Our hearts go out to the family whose emergency delayed Charlotte’s repair. We don’t know know who they are, but we know we have something in common.

Side note:

Because this is Heart Defect Awareness Week, Saving tiny Hearts Society will have an ‘About Us’ table along with our ‘Make A Valentine For Kids in the Hospital’ Station at Lurie Children’s tomorrow in the cafeteria around 10:30/11. Dr. Wax plans to come and do magic tricks. This event is a great way to meet families, see doctors and nurses and should end in the early afternoon.


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Exercise Test

Dr. Young asked us to take Charlotte to Lurie Children’s for an exercise test prior to surgery. Since one of Charlotte’s reported symptoms has been “heart pain” when her heart rate accelerates, Dr. Young wanted to get a baseline understanding of how exertion is effecting her heart and lung function.  FullSizeRender

The test took about an hour. First, Charlotte had to breathe into a tube that didn’t look like any other breathing test I’ve seen. Once she mastered the skill, she had to blow the bowling ball to knock down the pins–yep, the device was hooked to a computer and she used her breath to operate a computer game.

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As happens with an adult “stress” test, the technician then hooked Charlotte up to the EKG machine.  Charlotte walked on a treadmill up an incline that increased in pitch and speed every three minutes. The goal was to get her to achieve maximum exertion, stopping when she could go no further.  She almost made it there–after about 7 1/2 minutes, the tube (into which she was still breathing while she walked/ran) had caused dry mouth that she just couldn’t handle, so she called “uncle” a wee bit early.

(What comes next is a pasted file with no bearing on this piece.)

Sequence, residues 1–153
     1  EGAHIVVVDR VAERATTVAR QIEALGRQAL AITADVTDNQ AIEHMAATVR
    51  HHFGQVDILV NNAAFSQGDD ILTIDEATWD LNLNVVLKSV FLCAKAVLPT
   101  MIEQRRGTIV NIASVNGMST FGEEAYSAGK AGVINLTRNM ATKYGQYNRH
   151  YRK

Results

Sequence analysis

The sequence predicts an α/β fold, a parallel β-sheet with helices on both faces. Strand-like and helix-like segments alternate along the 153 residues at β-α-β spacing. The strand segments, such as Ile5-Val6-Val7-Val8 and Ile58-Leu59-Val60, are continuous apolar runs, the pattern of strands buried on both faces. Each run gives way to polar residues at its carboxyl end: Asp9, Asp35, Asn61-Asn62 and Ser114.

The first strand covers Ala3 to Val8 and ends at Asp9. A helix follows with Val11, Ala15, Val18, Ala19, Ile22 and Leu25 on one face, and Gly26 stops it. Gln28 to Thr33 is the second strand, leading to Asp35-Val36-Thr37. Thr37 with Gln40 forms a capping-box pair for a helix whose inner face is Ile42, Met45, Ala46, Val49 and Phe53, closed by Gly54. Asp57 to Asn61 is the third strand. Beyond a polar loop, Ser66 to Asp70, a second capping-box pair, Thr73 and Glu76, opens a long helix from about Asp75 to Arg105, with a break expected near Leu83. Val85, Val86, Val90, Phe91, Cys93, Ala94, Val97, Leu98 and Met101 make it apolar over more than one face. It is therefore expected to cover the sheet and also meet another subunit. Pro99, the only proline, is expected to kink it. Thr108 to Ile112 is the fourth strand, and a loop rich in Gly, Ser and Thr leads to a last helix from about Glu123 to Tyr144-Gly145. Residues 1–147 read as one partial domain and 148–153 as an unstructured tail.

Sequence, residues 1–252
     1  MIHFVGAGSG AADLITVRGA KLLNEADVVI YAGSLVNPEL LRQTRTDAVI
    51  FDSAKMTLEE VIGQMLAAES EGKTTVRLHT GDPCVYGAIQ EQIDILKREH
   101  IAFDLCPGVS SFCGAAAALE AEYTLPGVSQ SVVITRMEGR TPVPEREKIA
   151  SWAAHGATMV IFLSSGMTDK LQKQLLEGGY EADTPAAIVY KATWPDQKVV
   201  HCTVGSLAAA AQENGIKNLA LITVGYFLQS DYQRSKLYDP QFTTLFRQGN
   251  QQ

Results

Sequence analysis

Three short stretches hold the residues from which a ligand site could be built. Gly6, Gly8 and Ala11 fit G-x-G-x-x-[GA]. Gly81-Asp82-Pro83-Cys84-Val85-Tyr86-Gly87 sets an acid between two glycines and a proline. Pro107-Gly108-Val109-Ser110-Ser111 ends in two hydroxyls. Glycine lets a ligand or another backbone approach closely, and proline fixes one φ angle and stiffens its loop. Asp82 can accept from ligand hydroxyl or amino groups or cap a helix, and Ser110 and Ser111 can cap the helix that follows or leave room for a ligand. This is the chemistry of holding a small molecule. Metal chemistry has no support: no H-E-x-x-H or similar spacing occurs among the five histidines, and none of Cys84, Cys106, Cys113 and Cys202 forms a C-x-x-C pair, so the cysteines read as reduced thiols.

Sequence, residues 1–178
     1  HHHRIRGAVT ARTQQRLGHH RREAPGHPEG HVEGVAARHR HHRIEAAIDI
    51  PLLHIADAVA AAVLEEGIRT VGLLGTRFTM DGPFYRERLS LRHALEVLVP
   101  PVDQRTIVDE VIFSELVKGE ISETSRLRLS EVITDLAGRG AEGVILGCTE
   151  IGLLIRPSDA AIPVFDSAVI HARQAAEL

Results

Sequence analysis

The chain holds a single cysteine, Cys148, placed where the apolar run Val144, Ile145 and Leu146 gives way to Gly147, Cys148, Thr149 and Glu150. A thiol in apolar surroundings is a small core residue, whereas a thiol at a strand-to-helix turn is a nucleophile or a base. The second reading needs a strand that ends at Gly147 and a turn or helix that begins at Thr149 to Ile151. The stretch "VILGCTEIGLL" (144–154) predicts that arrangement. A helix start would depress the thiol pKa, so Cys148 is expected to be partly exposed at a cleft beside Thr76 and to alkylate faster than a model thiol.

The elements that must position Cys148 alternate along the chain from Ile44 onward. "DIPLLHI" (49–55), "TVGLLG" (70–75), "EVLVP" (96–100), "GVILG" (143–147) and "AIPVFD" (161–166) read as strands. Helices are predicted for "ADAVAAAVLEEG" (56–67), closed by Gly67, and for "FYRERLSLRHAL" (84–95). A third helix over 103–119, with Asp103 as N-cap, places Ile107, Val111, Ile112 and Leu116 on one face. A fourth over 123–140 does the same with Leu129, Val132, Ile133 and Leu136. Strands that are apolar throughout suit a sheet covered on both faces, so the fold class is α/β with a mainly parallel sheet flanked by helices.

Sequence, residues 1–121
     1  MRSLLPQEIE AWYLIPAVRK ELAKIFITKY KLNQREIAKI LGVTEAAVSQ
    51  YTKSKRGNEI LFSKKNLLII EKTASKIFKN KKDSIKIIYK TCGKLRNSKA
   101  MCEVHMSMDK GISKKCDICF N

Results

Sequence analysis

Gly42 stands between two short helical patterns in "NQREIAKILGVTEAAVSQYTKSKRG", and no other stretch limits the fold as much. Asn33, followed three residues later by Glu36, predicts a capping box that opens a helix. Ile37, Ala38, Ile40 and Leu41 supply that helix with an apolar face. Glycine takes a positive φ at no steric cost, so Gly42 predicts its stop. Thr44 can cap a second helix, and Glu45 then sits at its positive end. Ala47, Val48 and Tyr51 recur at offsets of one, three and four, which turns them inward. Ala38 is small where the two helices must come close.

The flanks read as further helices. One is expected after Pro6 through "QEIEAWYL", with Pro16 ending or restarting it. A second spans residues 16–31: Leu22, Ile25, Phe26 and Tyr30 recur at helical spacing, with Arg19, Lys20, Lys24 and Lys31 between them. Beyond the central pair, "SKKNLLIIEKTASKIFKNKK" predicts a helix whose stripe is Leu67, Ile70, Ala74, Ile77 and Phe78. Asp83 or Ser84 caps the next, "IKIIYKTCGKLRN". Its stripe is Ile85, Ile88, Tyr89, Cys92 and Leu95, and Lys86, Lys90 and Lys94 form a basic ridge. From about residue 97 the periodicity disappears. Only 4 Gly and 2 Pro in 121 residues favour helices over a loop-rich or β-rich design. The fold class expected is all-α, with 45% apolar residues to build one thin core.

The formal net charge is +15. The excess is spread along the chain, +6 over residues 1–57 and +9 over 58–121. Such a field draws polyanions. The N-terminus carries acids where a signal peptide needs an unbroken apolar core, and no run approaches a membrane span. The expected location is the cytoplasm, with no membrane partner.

Breathing tube hooked up to computer, attached to a headpiece so she could hold onto the treadmill with her hands. And, yes, that's a nose clip to be sure she breathes through her mouth.

Breathing tube hooked up to computer, attached to a headpiece so she could hold onto the treadmill with her hands. And, yes, that’s a nose clip to be sure she breathes through her mouth.

The cardiologist–in the room reading the EKG while she did the test–said that preliminary results indicated a 71% lung function; most kids her age should have 80%. Best, news–no arrhythmia while she worked out, no reason for immediate concern (or emergency intervention), and NO PAIN while she ran.